The Balkan Investigative Reporting Network (BIRN) launched a cross-border journalism platform on Thursday with the aim of helping journalists all over the globe by providing them with knowledge and assistance necessary in today’s world.
BIRN Investigative Resource Desk (BIRD) is an innovative interactive platform created for professional and citizen journalists who want to keep up-to-date with the fast-changing world of technology without sacrificing their ethics or the standards of professional journalism.
In times of media deterioration, and with new challenges in the digital sphere that are shaping the world, journalism’s ecosystem is changing fast, and in unpredictable ways. The role of journalists across the world has never been more complex.
BIRD is BIRN’s latest move to strengthen journalism in Southeast Europe and beyond. For months, we have worked together with a team of dedicated journalists, editors and developers to create a platform that is easy to use and provides all relevant information in one place.
As we believe that information is power, our vision was to use the potential of the BIRN network and its knowledge base to create something that can be used widely, for free.
Through BIRD, we wanted to offer journalists an easy way to learn and stay on track with the latest developments in the digital sphere. That way, BIRD users will be able to get all the latest updates on the state of digital freedoms, opportunities within the journalism network and beyond, and news covering these topics.
The platform provides investigative journalists with various types of assistance and a set of tools and resources related, but not limited, to freedom of information, data access and protection, cyber-security and open-source datasets.
The assistance of our experts is free and provided on a needs basis.
BIRD also contains various databases and a set of tools that can be used in daily reporting. Currently, the platform offers 20 different publications on topics such as freedom of information, data protection, journalism sustainability, verifying information and many more. And we intend to add more in future.
As part of our drive for openness, we have also established a free, user-friendly, searchable online library of public documents and scraped database. Called BIRN Source, it currently contains almost 1,300,000 documents, files and records. The numbers will soon rise as the database is being updated in real-time.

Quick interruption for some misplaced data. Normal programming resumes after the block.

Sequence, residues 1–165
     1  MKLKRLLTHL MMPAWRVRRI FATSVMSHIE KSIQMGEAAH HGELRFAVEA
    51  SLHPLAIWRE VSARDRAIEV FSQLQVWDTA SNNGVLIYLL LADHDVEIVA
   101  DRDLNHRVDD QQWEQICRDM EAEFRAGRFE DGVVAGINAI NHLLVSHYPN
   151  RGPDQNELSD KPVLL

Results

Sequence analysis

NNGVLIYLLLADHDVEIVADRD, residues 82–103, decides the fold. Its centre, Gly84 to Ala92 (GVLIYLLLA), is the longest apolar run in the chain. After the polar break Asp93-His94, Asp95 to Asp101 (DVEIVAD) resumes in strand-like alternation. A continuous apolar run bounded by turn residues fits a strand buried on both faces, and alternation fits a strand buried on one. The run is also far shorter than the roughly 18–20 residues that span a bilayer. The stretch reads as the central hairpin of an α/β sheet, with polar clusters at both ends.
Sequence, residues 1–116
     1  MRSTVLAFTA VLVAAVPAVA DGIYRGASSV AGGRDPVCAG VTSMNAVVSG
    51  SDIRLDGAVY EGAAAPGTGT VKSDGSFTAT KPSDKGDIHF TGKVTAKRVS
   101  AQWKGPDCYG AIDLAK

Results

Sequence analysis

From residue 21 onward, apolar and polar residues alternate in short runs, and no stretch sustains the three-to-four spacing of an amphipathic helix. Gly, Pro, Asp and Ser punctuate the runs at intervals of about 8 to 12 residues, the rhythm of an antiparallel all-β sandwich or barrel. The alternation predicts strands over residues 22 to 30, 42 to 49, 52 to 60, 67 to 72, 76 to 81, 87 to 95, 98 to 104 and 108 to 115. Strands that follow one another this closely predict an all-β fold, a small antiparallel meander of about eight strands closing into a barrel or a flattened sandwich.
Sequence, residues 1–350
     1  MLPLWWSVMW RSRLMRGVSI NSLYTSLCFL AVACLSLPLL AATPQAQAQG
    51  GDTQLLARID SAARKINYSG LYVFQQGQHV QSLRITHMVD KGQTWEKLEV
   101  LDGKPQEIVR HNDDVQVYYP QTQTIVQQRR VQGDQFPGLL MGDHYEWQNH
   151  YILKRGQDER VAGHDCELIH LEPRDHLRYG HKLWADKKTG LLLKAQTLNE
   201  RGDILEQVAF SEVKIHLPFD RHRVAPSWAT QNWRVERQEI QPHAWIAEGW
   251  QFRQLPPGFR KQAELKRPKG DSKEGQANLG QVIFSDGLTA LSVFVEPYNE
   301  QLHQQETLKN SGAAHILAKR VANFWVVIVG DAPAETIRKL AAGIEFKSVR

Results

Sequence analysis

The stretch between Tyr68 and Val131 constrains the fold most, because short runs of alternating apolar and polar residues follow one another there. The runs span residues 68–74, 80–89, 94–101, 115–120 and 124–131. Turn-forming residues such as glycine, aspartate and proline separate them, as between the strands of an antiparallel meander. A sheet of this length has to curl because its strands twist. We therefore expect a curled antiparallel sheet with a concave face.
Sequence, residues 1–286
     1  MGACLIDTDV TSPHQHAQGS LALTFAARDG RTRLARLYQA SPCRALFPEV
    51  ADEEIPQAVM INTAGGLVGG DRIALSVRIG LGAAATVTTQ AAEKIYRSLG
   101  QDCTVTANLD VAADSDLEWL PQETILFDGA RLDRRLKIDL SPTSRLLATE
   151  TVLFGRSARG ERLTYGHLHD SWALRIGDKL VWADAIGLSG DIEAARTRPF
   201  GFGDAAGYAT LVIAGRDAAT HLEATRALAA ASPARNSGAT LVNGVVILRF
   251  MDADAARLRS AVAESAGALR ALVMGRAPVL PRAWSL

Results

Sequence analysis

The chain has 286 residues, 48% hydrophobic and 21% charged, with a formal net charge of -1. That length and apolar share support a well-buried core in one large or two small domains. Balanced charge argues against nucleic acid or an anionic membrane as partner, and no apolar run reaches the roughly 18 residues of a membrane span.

BIRN Source is designed to be easily searchable and useful to journalists and editors from Southeast Europe, and all over the world. The database offers text recognition in multiple and all-local languages.
We are also proud of BIRD’s How-to’s section. This is where users will be able to read case studies and guides done by some of the most prominent journalism experts, such as Blake Morrison, Frederik Obermaier, Benjamin Strick and others. We believe that the experience they have shared may motivate journalists to implement some of the solutions in their own newsrooms, and come up with new ideas.
As a result of our partnership with Share Foundation, an integral part of BIRD is the regional digital freedom-monitoring database, covering the state of digital rights in Southern and Eastern Europe (Bosnia and Herzegovina, Croatia, Hungary, North Macedonia, Romania and Serbia).
Recognising the open and global nature of the online arena, the database stresses the importance of a human rights-based approach towards people in the digital environment.
Together with Share, BIRN journalists will monitor and fact-check cases of digital rights violations across the region as soon as they happen.
The database is searchable by different criteria (date, country, affected party, means of the attack, description, attacker, etc.) and is available in both English and the local languages of the countries where the monitoring is being conducted.